I was sitting in the library, doing the People Magazine crossword puzzle, waiting for Celia to show up so I could give her my lanyard as a way to apologize. Surprisingly, nobody had noticed my infected ear to this point; I was covert in my mannerisms and always backed away from friends when I ended conversations. Sort of.
Just then, Paul strolled in. Paul was a gangly, overbearing, foul-mouthed bully (one of those kids that got held back in kindergarten and took it out on the rest of the class for the next 12 years). I usually steered clear of Paul’s wrath, but he was on the warpath today, snatching lanyards from around the necks of anyone in his way. I’d say he was sporting about 30 of them by the time he got to me.
“I’ll take this,” he grunted, as he violently yanked the lanyard from around my neck with an upward thrust. I was in the midst of standing up as this happened, perfectly content to remove the nametag myself and simply hand it to the mongoloid… but I didn’t do it in time. The pain hit me a millisecond before I realized what had happened: the back of the lanyard was snagged on my massively swollen earlobe, and Paul was tugging on it with all his might.
I’m not one to pick fights with bullies, but not only was I in pain, I also faced potential eternal embarrassment if my secret was discovered. Losing the nametag was no big deal; having the Class of 2000 discover an alien life form growing out of the back of your ear is another disaster altogether. I flipped out and started swinging until the lanyard came loose and we had to be separated.
Minutes later, I ran into the bathroom to survey the damage. The cyst was bleeding and hemorrhaging, and I spent the next 10 minutes getting it to stop long enough to face my peers for the remainder of the day. Celia, expecting to receive my shamrock, continued to not speak to me.
I couldn’t do this anymore. I had to tell someone.
TWO WEEKS EARLIER.
People with OCD shouldn’t get their ears pierced.
Everything I read preached constant cleaning and meticulous attention, but nobody said anything about the risks of over-cleaning and excessive attention. Using alcohol, saline and peroxide to the point where your body no longer manufactures the necessary chemicals with which to properly ward off infection and allergy. Chalk it up to inexperience; this was my first time.
When the swelling initially began, I did my best to drain it naturally and let nature do the rest of the work. However, once things began to get out of hand, everything closed up shop and I was unable to get anything out of there. Even my earring was stuck.
Nonetheless, I kept this a secret, mainly to save face in front of my girlfriend (who wasn’t talking to me) and mother (who was pissed off beyond words), but mostly because I was embarrassed and terrified. This was supposed to be something I did to look cool and rebellious, not something I did because I wanted to go to the hospital and get a piece of my head lanced off.
ONE MONTH EARLIER.
On the day of my 18th birthday, I was supposed to be at the high school. Celia was playing in the school’s Pep Band, and I promised her that I would be there to see her play for the first time. However, my friends had different plans for me.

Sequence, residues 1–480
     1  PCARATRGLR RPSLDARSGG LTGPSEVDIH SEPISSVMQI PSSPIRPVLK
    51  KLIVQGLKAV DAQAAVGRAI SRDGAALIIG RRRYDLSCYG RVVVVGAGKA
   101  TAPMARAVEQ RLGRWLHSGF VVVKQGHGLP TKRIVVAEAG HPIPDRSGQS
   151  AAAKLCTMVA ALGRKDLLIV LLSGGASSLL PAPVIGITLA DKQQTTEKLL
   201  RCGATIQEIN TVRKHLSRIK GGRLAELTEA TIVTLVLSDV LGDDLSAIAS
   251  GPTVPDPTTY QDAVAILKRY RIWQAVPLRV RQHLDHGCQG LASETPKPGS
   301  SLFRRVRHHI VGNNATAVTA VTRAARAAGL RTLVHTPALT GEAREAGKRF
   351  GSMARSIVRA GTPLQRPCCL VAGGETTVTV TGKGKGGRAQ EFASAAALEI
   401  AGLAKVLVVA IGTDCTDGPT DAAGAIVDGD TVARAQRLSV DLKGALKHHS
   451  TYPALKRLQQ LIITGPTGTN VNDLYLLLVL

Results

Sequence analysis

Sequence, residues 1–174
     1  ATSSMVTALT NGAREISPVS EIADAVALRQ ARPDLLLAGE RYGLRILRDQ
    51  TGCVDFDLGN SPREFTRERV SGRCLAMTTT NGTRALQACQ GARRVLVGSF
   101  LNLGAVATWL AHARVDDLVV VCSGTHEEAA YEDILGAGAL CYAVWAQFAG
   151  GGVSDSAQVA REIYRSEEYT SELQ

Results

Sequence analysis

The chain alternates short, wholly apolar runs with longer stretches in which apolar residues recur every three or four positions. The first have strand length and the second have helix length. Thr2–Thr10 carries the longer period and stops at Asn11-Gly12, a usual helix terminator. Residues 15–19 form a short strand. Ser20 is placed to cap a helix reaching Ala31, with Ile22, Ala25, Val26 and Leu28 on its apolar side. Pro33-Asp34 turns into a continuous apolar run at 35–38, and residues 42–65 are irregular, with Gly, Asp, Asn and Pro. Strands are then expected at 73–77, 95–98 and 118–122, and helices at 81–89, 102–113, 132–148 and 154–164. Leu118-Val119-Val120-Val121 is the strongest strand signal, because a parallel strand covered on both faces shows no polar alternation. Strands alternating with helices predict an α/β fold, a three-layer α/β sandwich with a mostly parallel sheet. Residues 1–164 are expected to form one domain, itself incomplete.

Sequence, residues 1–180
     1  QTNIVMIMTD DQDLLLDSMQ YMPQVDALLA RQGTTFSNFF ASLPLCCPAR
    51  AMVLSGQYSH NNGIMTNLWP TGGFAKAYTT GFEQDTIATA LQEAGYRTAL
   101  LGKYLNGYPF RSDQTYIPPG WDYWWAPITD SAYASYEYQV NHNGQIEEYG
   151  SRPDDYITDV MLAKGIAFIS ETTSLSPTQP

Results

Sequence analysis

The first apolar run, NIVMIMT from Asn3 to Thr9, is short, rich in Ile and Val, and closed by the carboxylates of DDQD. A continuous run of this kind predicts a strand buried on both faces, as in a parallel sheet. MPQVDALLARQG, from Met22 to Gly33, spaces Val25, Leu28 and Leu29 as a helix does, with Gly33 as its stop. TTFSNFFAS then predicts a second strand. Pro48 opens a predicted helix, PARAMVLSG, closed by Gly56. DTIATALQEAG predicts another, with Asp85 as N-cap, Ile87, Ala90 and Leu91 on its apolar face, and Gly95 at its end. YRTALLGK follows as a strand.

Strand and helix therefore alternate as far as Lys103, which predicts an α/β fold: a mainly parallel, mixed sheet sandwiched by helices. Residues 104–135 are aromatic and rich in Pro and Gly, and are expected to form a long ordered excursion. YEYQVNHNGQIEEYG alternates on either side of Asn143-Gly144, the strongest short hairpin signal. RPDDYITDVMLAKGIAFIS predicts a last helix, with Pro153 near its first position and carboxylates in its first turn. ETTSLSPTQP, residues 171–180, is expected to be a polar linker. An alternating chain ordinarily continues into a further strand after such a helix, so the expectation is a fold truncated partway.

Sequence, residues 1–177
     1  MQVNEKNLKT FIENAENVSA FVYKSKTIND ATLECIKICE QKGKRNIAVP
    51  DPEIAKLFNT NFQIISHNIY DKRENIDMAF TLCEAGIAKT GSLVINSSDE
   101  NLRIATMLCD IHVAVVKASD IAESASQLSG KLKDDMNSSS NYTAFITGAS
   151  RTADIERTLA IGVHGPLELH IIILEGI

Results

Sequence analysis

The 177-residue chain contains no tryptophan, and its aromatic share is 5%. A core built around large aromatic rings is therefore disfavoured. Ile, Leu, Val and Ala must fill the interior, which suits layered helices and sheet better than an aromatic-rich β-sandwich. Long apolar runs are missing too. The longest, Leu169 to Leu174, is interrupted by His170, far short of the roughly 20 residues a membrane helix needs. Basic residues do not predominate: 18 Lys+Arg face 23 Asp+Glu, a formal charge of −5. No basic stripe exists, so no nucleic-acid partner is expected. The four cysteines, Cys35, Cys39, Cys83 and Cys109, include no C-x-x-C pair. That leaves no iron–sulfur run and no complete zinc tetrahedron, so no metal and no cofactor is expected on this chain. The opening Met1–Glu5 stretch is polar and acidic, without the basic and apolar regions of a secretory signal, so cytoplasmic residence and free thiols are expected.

“We’re taking you to the mall to get your ears pierced. It’s free on your 18th birthday.”
"Guys, I really don’t want to do this. Besides, I need to be back at the school. Celia’s playing in the-"
“So what? You’re not leaving the mall until this gets done.”
At this point, my friends had a 60/40 stroke over my decisions compared to Celia. However, today was the last day they would misuse their power of manipulation over me, as from February 2, 2000 onward, this Balance of Power switched permanently. In a moment of teen selfishness, I went along with this excursion, and Celia played her first Pep Band concert in front of nobody. I apologized to her from a pay phone in the Food Court, but she was having none of it.
The piercing didn’t hurt, but my anxiety was already in hyperspace. I asked volumes of questions concerning care and maintenance; why I didn’t just tear it out when I got home is beyond me. I guess part of me thought it was cool, and at that point in my life, I was doing anything I could to demonstrate my newfound independence in front of my mother.
That night, I burst through the front door of my mom’s house sporting my piercing with pride.
“It’s great to be eighteen!” I shouted. And it was.
11 YEARS LATER.
Celia, now my wife, claims that it looks like a ‘baby’s butt.’
She’s referring to the back of my left earlobe, which long ago shrunk and healed up, but not before leaving me with a lump of misshapen scar tissue that (to her, at least) looks like the rump of a newborn. I never got another piercing, and to this day, my mother reminds me about the masterful judgment lapse on my first official day of adulthood.
We all make mistakes. Some of us get arrested. Some of us get our asses handed to us in an alley. For me, I just wanted to impress my friends and rebel against my parents in the most stereotypical way possible. In doing so, I was reminded that when it comes to me, there’s no such thing as ‘the most stereotypical way possible.’ I’ve heard a lot of horror stories about tattoos and piercings, but most of them don’t end with “And then they lanced my earlobe off.”
Lesson learned. Again.